Rabbi Michael Adam Latz
Shir Tikvah Congregation
Shabbat B’ha-a-lot’cha 5773
25th Anniversary Service
Song of Hope, Song of Moral CourageMore than three millennia ago, an impoverished shepherd couple named Avram and Sarai heeded the call of the Divine, embraced God’s covenant, and in their first act as Jews, welcomed strangers into their tent. It was radical at the time - these guys could have been bandits or marauding murderers or worse - idol worshippers - but Abraham and Sarah courageously opened the flaps to their tent wide and welcomed the strangers with food, compassion, and love. Their courage became the central spiritual act of the Jewish people.
We’ve been striving to live up to their ideal ever since.
From Nachson who waded into the waters of liberation when everyone else was afraid of the future and terrified of returning to the past; to Esther, who, according to the megilah, was created for such a moment to save our people; to the Rambam, who called the wandering in the desert God’s schooling the Children of Israel in courage (Guide for the Perplexed 3:32), we are a people soaked in the responsibility to live with moral courage.
Our community’s name, Shir Tikvah - song of Hope - belies the fierce moral courage that inspires our vision and compels our holy work.It took a remarkable act of courage to create a new synagogue community; a new way of envisioning Jewish life; great moral courage to say that our sacred purpose is to redraw the circle of Jewish life and include those who had been previously left on the margins, to live a robust life of Torah, justice, prayer, and love.
It takes a remarkable amount of moral courage each and every day to sustain such a vision, to ask the hard, troubling, and sometimes painful questions to live an authentic, inclusive, creative Jewish life.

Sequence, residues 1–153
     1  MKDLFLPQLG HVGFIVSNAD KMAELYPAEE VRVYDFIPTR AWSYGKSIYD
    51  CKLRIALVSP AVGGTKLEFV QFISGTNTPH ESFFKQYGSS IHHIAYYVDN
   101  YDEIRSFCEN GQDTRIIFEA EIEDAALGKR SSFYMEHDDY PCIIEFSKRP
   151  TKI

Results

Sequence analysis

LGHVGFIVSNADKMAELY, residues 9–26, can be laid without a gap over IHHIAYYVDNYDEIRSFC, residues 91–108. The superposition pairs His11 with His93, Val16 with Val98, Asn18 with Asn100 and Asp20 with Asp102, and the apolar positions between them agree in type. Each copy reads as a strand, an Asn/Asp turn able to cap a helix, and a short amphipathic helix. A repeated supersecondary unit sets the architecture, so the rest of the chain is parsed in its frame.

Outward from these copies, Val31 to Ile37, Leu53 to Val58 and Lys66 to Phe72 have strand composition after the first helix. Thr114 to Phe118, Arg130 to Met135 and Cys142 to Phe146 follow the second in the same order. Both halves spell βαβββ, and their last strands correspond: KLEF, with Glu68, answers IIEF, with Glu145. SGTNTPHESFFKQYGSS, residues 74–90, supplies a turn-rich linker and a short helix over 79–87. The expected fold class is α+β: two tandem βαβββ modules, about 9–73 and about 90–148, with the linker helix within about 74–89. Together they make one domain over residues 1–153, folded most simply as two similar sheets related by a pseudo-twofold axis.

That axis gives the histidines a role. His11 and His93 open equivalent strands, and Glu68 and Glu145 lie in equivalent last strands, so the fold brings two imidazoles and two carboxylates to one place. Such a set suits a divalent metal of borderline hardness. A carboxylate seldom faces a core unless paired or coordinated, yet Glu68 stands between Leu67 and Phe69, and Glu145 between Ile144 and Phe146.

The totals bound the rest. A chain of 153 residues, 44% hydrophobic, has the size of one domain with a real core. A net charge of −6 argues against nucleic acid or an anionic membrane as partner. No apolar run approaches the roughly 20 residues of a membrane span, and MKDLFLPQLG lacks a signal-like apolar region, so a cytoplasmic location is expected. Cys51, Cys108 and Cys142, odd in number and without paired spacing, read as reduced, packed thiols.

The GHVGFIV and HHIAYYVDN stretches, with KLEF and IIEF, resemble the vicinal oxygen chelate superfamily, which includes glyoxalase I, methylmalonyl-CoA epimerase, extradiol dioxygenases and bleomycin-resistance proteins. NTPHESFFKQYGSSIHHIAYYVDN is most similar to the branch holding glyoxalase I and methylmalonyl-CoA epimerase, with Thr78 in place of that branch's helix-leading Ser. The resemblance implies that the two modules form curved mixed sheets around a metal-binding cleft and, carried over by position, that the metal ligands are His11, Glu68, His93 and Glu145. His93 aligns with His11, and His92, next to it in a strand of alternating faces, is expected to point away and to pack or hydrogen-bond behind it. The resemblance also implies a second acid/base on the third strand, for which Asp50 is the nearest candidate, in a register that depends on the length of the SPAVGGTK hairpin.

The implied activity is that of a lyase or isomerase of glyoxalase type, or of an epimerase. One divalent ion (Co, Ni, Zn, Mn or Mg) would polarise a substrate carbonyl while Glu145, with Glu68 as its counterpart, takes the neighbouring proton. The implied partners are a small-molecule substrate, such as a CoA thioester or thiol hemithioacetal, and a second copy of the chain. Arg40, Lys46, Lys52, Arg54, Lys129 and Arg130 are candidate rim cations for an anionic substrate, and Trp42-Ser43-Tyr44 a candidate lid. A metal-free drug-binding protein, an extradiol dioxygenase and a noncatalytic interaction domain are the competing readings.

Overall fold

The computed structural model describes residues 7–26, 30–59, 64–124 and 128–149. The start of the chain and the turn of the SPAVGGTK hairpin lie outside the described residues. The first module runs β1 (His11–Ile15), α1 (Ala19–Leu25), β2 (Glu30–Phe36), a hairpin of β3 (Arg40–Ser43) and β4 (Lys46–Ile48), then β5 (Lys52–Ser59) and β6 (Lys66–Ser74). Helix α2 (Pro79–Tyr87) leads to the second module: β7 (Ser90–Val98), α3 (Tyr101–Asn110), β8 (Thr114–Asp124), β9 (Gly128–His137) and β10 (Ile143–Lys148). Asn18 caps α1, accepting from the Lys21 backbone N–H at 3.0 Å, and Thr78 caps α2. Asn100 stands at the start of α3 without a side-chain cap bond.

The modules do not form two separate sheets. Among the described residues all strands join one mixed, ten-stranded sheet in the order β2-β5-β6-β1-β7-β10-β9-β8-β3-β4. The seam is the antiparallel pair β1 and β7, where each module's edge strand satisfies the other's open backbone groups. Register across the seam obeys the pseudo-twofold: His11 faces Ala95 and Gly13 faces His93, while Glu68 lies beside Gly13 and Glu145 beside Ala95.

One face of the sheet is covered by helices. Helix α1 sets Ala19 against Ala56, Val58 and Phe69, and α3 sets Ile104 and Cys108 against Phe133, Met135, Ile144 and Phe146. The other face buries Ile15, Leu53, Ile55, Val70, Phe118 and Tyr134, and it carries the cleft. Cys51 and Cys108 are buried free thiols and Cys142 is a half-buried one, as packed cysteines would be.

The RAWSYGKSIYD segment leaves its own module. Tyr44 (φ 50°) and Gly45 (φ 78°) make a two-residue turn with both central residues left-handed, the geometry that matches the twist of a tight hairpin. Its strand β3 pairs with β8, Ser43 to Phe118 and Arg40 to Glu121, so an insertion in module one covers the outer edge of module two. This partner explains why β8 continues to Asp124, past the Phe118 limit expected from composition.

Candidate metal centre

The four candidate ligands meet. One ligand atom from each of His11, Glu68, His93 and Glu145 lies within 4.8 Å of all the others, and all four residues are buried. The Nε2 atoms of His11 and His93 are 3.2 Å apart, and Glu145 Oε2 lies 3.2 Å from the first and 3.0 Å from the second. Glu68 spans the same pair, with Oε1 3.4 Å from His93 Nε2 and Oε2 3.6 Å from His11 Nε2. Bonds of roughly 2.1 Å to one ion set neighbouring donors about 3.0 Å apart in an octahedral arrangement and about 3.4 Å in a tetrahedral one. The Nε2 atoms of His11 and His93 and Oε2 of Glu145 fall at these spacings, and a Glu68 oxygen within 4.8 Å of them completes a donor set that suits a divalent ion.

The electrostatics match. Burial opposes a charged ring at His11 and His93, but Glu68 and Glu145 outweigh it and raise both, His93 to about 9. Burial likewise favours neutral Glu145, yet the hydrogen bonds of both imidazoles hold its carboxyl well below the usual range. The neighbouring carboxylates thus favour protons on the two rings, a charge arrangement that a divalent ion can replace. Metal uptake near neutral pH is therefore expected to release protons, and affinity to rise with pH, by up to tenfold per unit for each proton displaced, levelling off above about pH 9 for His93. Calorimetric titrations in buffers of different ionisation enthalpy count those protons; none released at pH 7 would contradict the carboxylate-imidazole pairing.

And yes, it takes courage to sing a song of hope with the harmonies of others who bring a different but equally valuable and vital song to the world, to forgive the past, to build communities of mutual respect and dignity with those whom we don’t always agree, but with whom our common humanity is our highest value.
We sing a song of hope first hummed into being by a band of courageous sages and leaders: Rabbi Offner and Nancy, our founders, and everyone who labored and loved Shir Tikvah into being this past quarter century. We lift our hearts in our hands in awe and gratitude. Our promise, our brit, is to sing a vision of courageous, transformative, and loving Judaism into the future. The philosopher Lao Tzu taught, “Being deeply loved by someone gives you strength, while loving someone deeply gives you courage.” Shir Tikvah has shown us a path of loving courage; what a legacy to sing to our children and their children!
To paraphrase the late poet Audre Lorde: "When we dare to be powerful - to use our strength in the service of our vision - then it becomes less and less important whether we are afraid."For those who were afraid but lived courageously anyway, who gathered to realize a tender, fierce vision of Jewish life, who celebrate the best of our humanity, and who believe that Judaism is a song of hope for personal and communal transformation for tikkun, for healing and for justice, tonight we celebrate the world and the congregation you have loved into being.